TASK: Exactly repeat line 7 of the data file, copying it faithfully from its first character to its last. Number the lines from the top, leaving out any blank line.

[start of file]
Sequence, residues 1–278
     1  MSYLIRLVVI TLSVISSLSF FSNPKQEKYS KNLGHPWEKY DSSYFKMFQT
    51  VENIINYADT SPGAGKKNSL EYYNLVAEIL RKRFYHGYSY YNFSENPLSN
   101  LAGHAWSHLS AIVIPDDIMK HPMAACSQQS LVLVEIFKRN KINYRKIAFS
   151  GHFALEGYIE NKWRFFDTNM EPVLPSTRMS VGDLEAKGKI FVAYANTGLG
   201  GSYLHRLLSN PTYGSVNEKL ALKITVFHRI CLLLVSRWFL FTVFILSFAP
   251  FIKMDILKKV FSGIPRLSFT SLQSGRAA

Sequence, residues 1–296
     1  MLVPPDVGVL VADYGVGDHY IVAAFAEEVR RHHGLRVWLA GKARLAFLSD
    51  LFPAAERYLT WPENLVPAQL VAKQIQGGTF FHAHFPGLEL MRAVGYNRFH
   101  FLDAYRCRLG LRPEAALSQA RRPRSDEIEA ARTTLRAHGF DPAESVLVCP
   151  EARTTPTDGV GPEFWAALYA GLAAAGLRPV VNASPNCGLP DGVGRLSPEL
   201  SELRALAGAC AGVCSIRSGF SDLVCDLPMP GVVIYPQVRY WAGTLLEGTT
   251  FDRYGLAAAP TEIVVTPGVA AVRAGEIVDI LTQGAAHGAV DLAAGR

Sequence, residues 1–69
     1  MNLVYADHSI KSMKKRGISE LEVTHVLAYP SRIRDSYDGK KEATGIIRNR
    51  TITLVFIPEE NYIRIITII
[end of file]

   251  FIKMDILKKV FSGIPRLSFT SLQSGRAA